Robinson has shown herself to be a novelist of remarkable empathy. Her essays also exhibit a unique ability to identify with characters that we moderns would rather shun. But one could worry that her empathy is selective. She rightly wants us to see the world afresh by stepping into the shoes of Jonathan Edwards and Edward VI and Oliver Cromwell. But if you’re offering a genealogy of how we got here, now, you might expect others to also find a voice. (Defensive invocations of “specialization” or “focus” won’t suffice. She’s ranged well beyond her expertise, and the focus is always inflected by present concerns, as she admits.) Her sometimes pedantic correction of our caricatures of the Puritans spends little time considering their frontier “encounters” with Native Americans, for example. To read Robinson alongside Coates is to always have the nagging impression that she’s surveying an incredibly rich tapestry but never shows us the back.

In short—and it feels odd to propose this about my favourite Calvinist—What Are We Doing Here? doesn’t spend much time grappling with evil. This might be true of her non-fiction more broadly. Her reply to the deflationary critiques of naturalists and the reductionism of rationalists appeals to a cosmos whose kaleidoscopic beauty is mesmerizing and enchanting. But the horror of a nature “red in tooth and claw” seems conveniently left aside. Creation is the theatre of God’s glory, for Robinson, but there is an act in this drama that doesn’t have much of an explanatory role: the Fall. Similarly, in order to counter the dismissals of the Puritans as dour and mean and oppressive, she paints a picture of their (relative) progressivism, their revolutionary reforms, the seed of our own politics planted in their soil. But one wonders if this is sufficient for those who have been ground underfoot by history as reason not to believe.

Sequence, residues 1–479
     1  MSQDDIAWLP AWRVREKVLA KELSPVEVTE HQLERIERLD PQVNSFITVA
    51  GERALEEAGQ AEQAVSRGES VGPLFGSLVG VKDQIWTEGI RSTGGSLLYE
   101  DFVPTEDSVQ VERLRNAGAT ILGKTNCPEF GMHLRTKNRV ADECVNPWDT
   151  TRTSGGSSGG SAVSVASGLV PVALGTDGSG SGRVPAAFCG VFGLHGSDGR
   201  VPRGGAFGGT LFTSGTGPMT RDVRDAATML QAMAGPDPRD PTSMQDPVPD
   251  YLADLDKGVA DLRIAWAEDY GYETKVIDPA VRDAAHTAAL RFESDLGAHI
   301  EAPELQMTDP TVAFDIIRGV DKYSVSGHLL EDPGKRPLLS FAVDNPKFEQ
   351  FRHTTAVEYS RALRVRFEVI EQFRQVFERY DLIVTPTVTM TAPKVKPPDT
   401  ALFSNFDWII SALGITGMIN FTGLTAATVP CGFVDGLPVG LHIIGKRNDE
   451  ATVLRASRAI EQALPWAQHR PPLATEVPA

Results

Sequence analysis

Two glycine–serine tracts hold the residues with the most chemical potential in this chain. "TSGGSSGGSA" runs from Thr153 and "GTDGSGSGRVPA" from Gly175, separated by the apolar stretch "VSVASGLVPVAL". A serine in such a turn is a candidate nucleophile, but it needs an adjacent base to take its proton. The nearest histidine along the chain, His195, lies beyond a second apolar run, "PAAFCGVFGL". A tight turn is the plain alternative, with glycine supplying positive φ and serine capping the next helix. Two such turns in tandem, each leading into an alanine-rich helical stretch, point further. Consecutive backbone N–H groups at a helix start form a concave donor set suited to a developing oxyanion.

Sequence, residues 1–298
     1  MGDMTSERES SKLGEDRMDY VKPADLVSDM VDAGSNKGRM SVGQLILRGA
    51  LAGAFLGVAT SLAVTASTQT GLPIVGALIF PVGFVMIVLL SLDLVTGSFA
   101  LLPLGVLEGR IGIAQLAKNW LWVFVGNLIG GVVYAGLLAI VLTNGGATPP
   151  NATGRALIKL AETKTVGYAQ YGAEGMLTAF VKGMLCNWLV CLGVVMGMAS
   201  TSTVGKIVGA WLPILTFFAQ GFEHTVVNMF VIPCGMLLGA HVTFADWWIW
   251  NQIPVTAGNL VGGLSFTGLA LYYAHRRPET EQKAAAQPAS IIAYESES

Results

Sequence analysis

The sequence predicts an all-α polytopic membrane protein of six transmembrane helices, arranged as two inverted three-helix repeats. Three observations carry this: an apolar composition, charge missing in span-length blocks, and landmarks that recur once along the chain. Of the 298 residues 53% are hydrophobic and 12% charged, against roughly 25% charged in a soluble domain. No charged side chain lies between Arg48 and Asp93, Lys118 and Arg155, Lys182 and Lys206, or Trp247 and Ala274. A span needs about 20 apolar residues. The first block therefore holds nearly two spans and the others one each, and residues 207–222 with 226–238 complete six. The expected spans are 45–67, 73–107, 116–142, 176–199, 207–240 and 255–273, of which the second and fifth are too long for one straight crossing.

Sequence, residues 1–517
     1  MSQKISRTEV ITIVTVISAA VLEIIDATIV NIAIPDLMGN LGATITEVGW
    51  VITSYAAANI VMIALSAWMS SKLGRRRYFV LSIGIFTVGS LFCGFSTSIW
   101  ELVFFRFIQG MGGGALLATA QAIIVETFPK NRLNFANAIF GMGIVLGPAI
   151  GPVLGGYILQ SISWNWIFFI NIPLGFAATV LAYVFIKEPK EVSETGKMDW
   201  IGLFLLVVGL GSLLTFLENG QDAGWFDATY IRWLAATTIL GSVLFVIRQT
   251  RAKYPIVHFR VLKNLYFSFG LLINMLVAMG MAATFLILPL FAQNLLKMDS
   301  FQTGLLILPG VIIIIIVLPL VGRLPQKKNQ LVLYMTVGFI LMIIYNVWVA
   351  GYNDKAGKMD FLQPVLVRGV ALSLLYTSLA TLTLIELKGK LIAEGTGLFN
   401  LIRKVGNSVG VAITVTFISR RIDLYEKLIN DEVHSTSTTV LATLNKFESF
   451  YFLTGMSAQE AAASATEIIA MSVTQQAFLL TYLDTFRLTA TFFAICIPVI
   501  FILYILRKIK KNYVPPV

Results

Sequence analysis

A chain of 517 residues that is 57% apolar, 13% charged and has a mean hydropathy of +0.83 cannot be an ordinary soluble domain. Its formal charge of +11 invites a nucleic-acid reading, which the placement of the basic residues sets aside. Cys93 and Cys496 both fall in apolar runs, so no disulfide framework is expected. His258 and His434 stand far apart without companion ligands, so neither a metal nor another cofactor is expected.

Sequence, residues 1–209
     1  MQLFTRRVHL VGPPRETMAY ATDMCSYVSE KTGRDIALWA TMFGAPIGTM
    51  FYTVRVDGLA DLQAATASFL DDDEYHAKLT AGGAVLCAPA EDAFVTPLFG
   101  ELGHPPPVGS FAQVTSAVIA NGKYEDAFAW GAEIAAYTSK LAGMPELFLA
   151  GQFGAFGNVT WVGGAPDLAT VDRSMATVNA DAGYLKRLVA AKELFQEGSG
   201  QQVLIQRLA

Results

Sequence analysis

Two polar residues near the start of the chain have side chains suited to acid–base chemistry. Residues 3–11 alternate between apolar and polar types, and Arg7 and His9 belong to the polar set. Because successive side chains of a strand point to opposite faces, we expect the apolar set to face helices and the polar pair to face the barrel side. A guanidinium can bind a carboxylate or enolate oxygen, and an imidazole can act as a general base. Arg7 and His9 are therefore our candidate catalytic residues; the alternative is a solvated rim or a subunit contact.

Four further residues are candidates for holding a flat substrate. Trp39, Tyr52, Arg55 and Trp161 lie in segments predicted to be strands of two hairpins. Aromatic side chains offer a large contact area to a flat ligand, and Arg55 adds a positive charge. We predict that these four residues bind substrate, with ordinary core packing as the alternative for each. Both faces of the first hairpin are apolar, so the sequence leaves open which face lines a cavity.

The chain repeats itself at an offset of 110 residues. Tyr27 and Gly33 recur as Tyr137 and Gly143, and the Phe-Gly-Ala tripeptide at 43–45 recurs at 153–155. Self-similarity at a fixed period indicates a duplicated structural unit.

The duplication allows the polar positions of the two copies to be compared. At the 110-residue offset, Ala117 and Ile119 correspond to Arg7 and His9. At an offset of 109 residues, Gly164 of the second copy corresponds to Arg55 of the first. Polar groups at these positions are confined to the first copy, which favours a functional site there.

James K. A. Smith on Marilynne Robinson’s apologia gloriae

It feels odd to propose this about a group that believes in systemic injustice, but evil is really the aporia in much progressive thought. After all, if we are really that (originally, totally) screwed up, how can we have confidence that we’re progressing in the right direction? On this account, of course, “conservatives” who would dismiss Coates on race are pr